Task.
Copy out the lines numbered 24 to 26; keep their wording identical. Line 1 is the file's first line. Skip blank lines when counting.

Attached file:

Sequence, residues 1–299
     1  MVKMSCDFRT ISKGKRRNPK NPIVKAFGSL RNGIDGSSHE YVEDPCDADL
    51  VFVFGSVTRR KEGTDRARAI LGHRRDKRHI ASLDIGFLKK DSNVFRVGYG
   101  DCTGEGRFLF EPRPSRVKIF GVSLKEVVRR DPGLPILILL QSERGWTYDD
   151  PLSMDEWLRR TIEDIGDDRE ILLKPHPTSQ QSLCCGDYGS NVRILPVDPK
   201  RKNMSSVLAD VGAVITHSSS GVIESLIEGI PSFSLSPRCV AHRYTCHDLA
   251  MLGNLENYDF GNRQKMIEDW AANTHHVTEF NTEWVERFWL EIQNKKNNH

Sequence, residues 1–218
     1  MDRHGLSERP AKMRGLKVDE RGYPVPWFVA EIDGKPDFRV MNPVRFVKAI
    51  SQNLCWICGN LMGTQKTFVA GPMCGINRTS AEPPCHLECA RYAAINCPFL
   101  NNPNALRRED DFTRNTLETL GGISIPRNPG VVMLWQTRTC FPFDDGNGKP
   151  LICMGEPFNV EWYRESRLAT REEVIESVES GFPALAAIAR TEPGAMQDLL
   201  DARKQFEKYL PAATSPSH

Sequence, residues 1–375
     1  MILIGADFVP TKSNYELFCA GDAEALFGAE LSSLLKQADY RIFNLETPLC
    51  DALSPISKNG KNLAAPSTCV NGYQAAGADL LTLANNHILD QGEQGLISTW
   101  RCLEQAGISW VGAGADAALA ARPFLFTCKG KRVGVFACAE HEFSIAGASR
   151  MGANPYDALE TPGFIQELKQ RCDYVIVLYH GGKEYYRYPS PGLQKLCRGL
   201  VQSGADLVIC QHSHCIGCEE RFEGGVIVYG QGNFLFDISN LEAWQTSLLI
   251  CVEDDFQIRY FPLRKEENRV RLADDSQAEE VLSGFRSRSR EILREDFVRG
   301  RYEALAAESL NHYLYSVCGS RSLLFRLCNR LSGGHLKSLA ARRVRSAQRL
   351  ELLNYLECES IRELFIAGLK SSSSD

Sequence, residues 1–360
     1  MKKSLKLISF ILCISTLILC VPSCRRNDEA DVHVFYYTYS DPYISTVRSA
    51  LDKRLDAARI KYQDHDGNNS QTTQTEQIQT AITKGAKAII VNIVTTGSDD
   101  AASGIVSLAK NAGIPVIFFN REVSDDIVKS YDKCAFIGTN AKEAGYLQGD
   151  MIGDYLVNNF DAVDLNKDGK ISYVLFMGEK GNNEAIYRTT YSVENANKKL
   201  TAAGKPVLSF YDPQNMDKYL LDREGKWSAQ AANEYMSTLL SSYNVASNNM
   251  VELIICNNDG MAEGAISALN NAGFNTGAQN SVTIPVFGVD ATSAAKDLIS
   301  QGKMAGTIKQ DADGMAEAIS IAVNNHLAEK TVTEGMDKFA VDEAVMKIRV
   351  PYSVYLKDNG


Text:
     1  MKKSLKLISF ILCISTLILC VPSCRRNDEA DVHVFYYTYS DPYISTVRSA
    51  LDKRLDAARI KYQDHDGNNS QTTQTEQIQT AITKGAKAII VNIVTTGSDD
   101  AASGIVSLAK NAGIPVIFFN REVSDDIVKS YDKCAFIGTN AKEAGYLQGD